The Theology of Work

June 11, 2022 | By Jim Stovall | Filed in: journalism.

A University of California-Berkeley sociologist contends that work is replacing religion as the thing that gives structure to our thinking and meaning to our lives. This is especially true, she contends, in a place like Silicon Valley where work takes up almost every waking hour and provides a pseudo-religious context—such as, “We’re going to change the world”—for devotion to its demands.

Carolyn Chen, an associate professor of ethnic studies at U.C. Berkeley and co-director of the Berkeley Center for the Study of Religion, writes in a recent New York Times article:

But as I discovered during my research, the gospel of work is thin gruel, an ethically empty solution to meet our essential need for belonging and meaning. And it is starving us as individuals and communities. New York Times, May 24, 2022 

Chen says that the theology of work is constricting social interactions and starving other institutions such as churches, social organizations, unions, and political parties, just to name a few, where people of different backgrounds and experiences can come together to hash out problems together.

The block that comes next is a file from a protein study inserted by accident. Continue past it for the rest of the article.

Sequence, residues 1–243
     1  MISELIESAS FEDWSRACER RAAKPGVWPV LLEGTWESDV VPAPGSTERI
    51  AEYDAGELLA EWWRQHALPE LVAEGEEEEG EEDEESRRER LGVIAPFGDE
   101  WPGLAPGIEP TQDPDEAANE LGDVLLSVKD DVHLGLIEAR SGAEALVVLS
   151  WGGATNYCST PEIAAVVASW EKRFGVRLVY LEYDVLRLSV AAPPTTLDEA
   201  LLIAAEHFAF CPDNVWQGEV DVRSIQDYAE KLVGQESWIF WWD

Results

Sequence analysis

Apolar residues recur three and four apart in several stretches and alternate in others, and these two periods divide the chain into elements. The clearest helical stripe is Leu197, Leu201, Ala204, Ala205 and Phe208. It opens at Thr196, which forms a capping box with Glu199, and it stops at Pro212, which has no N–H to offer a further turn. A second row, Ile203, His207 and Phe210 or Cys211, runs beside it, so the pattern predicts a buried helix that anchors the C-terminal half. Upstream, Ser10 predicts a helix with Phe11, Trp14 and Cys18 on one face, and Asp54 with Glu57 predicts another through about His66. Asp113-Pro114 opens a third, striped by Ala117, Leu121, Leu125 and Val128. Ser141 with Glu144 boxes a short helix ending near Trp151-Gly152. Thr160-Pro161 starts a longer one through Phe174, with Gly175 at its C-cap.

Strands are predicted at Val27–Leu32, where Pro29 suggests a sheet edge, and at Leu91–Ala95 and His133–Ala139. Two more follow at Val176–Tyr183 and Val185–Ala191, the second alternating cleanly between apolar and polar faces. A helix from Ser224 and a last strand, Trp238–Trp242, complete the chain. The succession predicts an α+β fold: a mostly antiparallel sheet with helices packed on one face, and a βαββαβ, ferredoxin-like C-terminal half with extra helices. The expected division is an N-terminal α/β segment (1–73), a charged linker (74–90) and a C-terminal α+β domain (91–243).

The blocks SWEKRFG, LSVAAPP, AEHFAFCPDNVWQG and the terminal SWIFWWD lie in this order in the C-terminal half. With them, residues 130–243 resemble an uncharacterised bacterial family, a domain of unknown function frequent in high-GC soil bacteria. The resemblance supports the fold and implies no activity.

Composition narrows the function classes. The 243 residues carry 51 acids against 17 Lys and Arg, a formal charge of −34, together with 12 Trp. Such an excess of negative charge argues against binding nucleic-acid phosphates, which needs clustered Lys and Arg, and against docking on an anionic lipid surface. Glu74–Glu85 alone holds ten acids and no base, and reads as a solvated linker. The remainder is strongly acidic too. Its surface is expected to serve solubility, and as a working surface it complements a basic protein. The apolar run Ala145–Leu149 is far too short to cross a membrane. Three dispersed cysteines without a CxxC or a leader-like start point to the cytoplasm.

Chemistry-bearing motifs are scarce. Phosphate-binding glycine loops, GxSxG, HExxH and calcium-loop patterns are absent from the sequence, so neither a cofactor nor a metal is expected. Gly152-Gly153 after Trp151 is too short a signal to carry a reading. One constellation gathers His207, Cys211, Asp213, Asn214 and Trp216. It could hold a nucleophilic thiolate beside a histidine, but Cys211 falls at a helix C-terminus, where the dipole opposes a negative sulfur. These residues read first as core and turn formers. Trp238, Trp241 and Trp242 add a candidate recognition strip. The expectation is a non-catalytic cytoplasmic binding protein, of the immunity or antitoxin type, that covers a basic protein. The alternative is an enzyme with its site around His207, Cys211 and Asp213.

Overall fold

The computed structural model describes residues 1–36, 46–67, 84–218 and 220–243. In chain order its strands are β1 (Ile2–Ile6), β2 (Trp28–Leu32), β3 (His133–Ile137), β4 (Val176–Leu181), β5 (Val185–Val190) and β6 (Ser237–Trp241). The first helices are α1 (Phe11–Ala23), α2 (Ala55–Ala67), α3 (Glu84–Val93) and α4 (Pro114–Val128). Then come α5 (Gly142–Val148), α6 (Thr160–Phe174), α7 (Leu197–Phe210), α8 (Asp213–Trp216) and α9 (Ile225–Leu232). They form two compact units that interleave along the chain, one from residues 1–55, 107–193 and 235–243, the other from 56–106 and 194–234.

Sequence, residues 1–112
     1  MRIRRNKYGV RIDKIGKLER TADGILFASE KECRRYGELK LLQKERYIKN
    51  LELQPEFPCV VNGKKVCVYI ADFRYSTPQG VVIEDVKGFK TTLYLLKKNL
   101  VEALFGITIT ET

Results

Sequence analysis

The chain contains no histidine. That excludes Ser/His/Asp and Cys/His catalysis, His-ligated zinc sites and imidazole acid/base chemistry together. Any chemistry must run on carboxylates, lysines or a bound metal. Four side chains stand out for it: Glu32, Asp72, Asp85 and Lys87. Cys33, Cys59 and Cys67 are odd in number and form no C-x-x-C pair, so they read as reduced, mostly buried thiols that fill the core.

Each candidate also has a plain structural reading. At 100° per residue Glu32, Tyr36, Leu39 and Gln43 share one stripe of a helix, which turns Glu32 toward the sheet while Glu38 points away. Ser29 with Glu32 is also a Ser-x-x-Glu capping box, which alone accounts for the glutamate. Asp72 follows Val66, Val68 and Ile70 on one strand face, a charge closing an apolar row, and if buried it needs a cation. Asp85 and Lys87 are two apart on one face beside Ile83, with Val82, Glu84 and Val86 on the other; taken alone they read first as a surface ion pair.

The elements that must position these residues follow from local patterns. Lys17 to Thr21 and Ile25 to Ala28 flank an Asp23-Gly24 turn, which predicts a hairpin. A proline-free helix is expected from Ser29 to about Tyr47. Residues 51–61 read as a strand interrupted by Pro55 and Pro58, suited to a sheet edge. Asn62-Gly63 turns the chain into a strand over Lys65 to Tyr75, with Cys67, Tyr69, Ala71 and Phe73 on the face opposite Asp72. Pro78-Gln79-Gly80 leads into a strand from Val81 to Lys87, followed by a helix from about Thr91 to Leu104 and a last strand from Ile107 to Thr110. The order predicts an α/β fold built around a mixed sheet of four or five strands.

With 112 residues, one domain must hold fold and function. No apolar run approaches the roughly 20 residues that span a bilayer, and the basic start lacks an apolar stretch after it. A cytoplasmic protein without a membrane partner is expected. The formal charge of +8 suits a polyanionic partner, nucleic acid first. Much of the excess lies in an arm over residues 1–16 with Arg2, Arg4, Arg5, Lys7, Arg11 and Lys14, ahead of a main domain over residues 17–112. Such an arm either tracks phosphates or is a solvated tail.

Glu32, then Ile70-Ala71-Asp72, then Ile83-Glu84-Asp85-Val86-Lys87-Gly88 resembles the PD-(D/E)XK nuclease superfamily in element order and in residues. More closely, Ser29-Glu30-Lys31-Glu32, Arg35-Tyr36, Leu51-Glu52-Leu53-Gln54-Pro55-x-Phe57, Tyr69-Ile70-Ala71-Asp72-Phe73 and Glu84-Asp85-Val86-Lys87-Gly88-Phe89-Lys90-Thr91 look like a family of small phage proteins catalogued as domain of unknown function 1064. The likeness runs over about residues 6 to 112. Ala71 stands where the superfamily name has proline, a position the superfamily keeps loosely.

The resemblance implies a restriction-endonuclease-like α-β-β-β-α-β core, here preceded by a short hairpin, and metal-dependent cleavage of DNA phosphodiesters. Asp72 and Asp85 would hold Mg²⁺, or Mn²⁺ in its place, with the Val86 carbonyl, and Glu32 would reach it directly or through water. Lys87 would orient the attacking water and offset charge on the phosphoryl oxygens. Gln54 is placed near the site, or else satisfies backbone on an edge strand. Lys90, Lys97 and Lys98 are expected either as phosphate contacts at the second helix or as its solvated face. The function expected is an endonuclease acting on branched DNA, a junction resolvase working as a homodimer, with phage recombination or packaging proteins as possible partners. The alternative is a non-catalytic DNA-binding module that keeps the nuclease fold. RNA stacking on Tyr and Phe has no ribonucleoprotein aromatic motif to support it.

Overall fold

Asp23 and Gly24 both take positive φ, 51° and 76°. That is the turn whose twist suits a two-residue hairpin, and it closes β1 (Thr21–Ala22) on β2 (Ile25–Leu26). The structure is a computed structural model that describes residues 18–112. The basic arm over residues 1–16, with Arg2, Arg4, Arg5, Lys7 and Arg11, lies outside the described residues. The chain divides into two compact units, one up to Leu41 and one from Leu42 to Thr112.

The number of people who say they have no traditional religious affiliation is on the rise in this country and elsewhere. Yet, of human necessity, people must “believe in” something. Increasingly, what they believe in is their work.

Chen writes:

Across different faith traditions, clergy members in Silicon Valley say that their congregations are dwindling because people are too busy working. A few decades ago, a pastor told me, the typical member attended Sunday service and Sunday school most weeks. Today that member attends only Sunday service once a month, he said. And he is scraping for volunteers as never before.

Worshiping work is also weakening our democracy, as well-paid professionals — historically among the most politically engaged demographics in America — check out politically. Silicon Valley politicians I talked to lamented the political apathy of busy rank-and-file tech workers who live in a bubble. (The Musks and Thiels are a different story.) “They don’t get involved,” a public official told me. “They don’t vote. They don’t know their local representatives.”

This tendency to make a religion out of our work is a disturbing direction for our society to take.

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